(Log into your Franklin American Mortgage website to view operational updates. These updates include its Inter Vivos Revocable Trust Documentation and Signature Requirements and its new TILA-RESPA Integrated Disclosures (TRID) Policy chapter.)
NYCB Mortgage Company updated its LLPA(s) on conforming and high-balance agency loans in response to FHFA pricing directives. Some of the LLPA changes were effective for locks on loans with the following characteristics on or after June 8th: High-Balance (worsening by .250), Cash-Out Refinance (worsening by .375), Investments (worsening by .250), and Loans w/ Subordinate Financing (worsening by .375).
Citi Bank posted its newest bulletin updating credit policies, notices, and clarifications. To read or print the complete bulletin, CLICK HERE.
Next week is the California MBA’s annual Secondary Marketing conference in San Francisco. The event inspired Eileen O’Grady to write, “I’m looking forward to the upcoming (43rd!) Western Secondary Marketing Conference sponsored by the California Mortgage Bankers Association. I’m also weighing in on the big news that now both Desktop Underwriter and Loan Prospector are free.
“First the conference: The attendee list looks robust, and the topics are forward-looking, geared to answering the question “how will mortgages be capitalized in the coming years?” As I viewed the agenda I waxed nostalgic about this conference. I’ve been in the business long enough to remember that the Western Secondary was sponsored by the California League of Savings and Loans, otherwise known as ‘The Cal League.’ That’s a bit like remembering that the original name of New York City was New Amsterdam.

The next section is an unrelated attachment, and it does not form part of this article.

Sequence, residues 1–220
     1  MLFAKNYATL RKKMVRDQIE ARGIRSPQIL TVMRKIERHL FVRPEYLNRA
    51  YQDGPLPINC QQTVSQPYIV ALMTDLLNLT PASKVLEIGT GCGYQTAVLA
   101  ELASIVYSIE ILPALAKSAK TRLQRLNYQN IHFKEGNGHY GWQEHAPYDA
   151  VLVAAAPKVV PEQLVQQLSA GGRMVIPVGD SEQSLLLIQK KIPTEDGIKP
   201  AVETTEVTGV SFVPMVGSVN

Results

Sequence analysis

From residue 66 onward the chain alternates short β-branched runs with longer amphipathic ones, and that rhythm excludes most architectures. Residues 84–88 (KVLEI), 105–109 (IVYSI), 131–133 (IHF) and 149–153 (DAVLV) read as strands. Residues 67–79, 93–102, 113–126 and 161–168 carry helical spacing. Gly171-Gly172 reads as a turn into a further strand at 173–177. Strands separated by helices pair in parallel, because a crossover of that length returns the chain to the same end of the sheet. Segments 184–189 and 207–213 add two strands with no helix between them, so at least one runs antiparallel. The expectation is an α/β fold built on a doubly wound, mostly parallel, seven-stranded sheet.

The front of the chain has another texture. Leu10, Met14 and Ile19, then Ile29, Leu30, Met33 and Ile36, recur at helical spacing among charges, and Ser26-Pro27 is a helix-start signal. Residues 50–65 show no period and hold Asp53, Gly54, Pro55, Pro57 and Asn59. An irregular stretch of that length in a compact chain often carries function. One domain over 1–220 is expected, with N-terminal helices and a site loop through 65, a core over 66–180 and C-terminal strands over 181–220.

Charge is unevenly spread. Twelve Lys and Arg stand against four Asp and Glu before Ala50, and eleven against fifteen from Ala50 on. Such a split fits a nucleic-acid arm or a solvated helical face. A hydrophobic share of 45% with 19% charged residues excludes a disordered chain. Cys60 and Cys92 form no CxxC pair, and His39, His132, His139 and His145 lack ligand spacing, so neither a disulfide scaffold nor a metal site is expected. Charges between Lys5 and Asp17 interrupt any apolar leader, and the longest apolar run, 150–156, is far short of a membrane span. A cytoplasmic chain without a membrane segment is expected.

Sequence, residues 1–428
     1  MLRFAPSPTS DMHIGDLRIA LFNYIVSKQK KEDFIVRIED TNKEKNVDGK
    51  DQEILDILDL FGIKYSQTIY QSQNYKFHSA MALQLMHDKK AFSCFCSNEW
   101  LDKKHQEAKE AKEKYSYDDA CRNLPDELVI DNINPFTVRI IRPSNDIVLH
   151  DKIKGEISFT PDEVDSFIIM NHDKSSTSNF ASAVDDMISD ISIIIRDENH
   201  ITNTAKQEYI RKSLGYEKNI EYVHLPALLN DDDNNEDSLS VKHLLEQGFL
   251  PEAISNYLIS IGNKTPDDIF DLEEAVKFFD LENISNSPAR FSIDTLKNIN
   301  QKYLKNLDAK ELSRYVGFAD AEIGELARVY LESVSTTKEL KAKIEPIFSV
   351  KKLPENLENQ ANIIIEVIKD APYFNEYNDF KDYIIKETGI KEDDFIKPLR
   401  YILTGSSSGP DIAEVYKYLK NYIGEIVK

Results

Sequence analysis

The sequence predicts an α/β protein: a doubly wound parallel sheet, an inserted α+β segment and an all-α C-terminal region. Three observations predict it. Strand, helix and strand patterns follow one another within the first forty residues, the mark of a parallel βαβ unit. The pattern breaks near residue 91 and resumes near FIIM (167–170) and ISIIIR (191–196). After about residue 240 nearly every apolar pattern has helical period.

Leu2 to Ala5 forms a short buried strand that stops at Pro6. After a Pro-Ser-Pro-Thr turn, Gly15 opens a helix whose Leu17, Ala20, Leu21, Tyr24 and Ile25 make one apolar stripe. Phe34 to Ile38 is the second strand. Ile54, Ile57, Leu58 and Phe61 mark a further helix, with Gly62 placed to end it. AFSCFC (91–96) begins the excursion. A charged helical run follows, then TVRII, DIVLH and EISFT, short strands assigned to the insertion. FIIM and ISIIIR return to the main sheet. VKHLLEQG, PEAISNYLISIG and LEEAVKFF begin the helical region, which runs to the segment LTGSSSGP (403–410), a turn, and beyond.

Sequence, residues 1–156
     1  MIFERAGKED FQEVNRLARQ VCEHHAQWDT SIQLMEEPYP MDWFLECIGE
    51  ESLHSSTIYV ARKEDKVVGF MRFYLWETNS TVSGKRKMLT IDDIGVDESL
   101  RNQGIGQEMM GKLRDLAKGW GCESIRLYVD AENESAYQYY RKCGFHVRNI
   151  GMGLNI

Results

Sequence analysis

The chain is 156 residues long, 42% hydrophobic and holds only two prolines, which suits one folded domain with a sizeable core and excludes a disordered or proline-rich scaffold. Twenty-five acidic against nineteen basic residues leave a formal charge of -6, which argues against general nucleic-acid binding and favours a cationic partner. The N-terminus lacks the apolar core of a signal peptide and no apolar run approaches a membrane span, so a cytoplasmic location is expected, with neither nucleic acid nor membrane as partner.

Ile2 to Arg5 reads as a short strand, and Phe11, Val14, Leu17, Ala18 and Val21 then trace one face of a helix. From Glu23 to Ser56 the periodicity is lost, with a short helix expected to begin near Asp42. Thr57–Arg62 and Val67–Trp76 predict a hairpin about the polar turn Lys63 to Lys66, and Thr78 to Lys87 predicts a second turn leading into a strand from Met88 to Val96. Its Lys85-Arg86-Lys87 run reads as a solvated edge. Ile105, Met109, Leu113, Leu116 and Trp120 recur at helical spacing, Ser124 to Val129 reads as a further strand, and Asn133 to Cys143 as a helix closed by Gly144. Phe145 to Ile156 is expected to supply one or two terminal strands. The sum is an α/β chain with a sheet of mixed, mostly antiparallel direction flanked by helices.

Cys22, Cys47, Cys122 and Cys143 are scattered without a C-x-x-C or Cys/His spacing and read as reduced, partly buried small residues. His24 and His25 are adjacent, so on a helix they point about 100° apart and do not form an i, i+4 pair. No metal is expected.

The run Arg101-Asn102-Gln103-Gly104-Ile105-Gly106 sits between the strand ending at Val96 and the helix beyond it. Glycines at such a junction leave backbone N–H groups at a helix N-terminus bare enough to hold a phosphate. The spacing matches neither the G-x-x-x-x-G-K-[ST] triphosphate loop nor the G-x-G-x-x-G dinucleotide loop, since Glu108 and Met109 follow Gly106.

“Back in those days, we all met at the St. Francis to close on the sale of blocks of whole loans, when portfolio and non-Agency loans were 35% or more of the mortgage capital market. As I prepare for this year’s conference, I’m looking forward to seeing how much portfolio and non-agency business will be talked about – after we finish talking about how DU and LP are free.
The big ‘then versus now’ difference is that secondary deals are now about relationships, not just pools of loans. Who you’re buying from/selling to needs careful analysis because a buyer’s criteria for purchases need to match up, over time, with a seller’s access to those criteria in their lending region.
“(One of my clients, LoanScoreCard, is doing its part to address the capitalization need, and the need for the right criteria match between buyer and seller, through its Custom Automated Underwriting System: CAUS. Here’s the thinking: currently about 25% of all newly originated loans are held in bank portfolios (up from 10% just a couple of years ago), and about 5-10% of newly-originated loans are sold in whole loan or security form to non-Agency investors.)
“Now, let’s talk about DU and LP being free. I contend that portfolio and non-Agency loans are best underwritten using AUS products from vendors like LoanScoreCard or Andrew Davidson & Co., rather than DU or LP. LP made it clear in their recent announcement that ‘Loan Prospector assesses only a loan’s eligibility for sale to Freddie Mac.’ The same is true about DU when you read Fannie’s guidelines. I posted an OpEd piece about this topic at my LinkedIn address. And if you’re at Western Secondary, come visit me on Thursday, July 8, in the LoanScoreCard Suite at the Drake, at 450 Powell Street – a 3 minute walk from the St Francis.” Thank you Eileen!